a. unbelievers do this by assuming that death is the end. that there is nothing past it. that sickness or sudden catastrophe (or simple old age) can take away one’s existence and turn all relationships into memories.

b. believers make too much of death when they turn God into some kind of vengeful tyrant who is keeping a list of wrongs we have committed in hopes of finding something that would allow him to bar us entrance into His kingdom.

All of these are nonsense.

Death is real – the Orthodox funeral service is largely designed to help us confront it and assure us that we, too, will repose as departed has.

Death is not pleasant [soul rendered from the body: violent].

But death is not the end. “Death” is not correct. “Fallen asleep”. Eternal soul. Eternal body (one day reunited).

God is not a tyrant, but a healer. Not a bouncer keeping you from his kingdom, but one who looks for every excuse to bring you in. Who wants you to join Him in perfection and perfect joy so much that He suffered and died for you.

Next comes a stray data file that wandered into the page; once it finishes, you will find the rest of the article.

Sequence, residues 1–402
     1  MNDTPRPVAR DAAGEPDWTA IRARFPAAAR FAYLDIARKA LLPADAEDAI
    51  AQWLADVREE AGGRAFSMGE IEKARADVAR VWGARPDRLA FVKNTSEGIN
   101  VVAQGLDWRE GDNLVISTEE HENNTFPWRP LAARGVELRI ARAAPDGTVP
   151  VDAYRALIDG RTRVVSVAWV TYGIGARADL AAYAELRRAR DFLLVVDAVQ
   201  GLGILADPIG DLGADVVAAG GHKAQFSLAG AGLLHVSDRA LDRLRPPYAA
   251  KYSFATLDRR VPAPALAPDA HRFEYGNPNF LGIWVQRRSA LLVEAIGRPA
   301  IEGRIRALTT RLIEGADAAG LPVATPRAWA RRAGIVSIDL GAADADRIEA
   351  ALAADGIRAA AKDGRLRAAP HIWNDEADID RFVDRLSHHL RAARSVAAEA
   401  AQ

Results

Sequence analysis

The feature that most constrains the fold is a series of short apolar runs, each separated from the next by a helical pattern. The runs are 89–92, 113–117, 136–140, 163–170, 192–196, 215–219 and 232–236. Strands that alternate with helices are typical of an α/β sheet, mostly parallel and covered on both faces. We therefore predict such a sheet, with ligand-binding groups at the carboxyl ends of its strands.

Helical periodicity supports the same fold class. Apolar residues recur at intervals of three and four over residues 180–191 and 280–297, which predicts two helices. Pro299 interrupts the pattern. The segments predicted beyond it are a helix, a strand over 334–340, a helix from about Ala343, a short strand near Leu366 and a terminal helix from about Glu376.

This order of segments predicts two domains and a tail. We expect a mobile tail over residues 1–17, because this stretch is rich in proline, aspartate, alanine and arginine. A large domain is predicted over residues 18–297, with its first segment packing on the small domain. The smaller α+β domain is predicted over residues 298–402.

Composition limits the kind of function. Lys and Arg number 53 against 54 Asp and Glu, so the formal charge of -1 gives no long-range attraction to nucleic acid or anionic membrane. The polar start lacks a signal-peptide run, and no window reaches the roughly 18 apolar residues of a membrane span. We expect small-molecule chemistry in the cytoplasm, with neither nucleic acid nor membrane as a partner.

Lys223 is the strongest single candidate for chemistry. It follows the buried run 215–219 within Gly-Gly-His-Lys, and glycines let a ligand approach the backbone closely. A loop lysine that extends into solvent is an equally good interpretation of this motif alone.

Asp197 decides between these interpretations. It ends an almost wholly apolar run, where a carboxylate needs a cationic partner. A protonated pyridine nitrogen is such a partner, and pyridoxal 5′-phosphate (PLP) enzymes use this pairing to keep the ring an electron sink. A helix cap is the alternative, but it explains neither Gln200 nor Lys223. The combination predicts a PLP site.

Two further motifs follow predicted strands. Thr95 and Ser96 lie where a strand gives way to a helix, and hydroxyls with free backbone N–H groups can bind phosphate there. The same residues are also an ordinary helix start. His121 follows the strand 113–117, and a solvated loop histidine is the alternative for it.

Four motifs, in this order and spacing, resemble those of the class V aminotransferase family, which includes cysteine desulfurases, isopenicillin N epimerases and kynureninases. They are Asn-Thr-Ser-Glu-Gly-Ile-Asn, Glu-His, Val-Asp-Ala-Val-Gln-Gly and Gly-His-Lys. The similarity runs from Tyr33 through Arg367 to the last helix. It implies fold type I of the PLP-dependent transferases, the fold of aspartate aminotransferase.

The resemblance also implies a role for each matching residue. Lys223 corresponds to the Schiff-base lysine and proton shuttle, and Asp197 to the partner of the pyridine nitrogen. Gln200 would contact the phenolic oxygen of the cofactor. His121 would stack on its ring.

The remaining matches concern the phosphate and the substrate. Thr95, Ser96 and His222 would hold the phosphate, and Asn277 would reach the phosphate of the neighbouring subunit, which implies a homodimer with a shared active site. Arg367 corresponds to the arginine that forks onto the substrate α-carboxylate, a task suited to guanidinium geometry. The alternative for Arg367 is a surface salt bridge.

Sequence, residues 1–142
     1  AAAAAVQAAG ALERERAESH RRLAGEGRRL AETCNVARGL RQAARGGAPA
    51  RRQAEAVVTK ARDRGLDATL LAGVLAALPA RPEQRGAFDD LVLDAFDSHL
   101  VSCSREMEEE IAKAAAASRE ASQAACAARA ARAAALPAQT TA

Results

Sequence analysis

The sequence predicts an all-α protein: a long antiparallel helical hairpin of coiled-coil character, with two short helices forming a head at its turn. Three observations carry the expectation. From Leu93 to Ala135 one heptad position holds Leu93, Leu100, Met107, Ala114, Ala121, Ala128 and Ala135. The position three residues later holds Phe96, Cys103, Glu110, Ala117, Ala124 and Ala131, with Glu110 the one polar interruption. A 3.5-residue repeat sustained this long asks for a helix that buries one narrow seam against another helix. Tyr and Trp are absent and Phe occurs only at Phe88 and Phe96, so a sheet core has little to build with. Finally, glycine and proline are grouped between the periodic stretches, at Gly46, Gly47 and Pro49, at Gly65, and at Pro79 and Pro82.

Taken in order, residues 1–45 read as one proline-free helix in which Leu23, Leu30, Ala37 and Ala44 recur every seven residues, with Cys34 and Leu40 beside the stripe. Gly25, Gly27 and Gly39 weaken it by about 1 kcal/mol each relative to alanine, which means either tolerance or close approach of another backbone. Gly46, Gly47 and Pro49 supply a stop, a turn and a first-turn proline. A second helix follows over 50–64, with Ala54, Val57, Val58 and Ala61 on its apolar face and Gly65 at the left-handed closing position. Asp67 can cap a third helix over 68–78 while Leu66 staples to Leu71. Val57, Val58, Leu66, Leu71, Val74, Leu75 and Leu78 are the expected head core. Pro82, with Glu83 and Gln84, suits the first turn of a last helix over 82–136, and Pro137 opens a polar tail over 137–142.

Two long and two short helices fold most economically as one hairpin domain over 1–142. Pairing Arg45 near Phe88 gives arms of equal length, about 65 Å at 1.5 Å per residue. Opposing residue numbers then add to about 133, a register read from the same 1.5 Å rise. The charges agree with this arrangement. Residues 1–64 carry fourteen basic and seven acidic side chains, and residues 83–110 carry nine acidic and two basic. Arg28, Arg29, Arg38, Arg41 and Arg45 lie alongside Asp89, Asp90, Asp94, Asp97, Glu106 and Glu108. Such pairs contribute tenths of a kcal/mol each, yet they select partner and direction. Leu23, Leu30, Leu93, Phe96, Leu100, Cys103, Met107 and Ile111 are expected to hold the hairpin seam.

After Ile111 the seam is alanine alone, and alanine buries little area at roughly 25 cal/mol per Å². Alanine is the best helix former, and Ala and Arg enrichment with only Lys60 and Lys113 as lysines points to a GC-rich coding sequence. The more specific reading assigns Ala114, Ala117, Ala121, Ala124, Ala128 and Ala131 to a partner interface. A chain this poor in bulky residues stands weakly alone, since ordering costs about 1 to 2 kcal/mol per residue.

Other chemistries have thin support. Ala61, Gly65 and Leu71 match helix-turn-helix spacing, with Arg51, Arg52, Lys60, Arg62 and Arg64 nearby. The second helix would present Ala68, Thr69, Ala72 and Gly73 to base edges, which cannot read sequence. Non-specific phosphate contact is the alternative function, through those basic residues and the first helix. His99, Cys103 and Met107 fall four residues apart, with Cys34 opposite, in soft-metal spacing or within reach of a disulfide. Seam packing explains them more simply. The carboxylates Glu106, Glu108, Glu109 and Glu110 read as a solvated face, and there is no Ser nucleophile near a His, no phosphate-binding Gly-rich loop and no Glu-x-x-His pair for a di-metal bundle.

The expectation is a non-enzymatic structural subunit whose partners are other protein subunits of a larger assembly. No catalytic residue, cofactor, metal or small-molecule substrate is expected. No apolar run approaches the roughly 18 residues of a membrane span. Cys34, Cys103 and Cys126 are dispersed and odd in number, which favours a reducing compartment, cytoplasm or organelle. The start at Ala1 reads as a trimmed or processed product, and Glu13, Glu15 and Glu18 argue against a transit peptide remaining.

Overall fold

The Truth offers balance and reassurance. But it is not the comfort of a sedative – rather it offers the real comfort of the arms of a loving God. We should approach death in the same way that we approach sin: by recognizing that it is real, but knowing that through His Passion and Resurrection, Christ has defeated both sin and death, and that through Him we share in this victory. Nor do we have to rely on simple faith to see this working: Christ would not leave us as orphans to struggle alone with death and sin, but sent to us the Holy Spirit and left to us the Holy Sacraments to fortify us, along with the physical presence of the union of all believers [THE CHURCH], of which He Himself is the head. You are part of this – let its healing and deifying presence sustain, heal, and sanctify you.

So as you encounter that empty space: do not let it tempt you into despondency. Let it remind you that there is only one body of Christ, that it is comprised of all believers (walking and reposed), and that the very best memory of love shared with [the departed] (as wonderful as it is) is but the merest foreshadowing of the love you will share with one another and all the saints into eternity.


Comments on how to prepare for your repose, and how to help others with the same. Experience is only a good teacher when it is grounded in the Truth. The prayers of the Church (and study of Scripture) are the best teachers.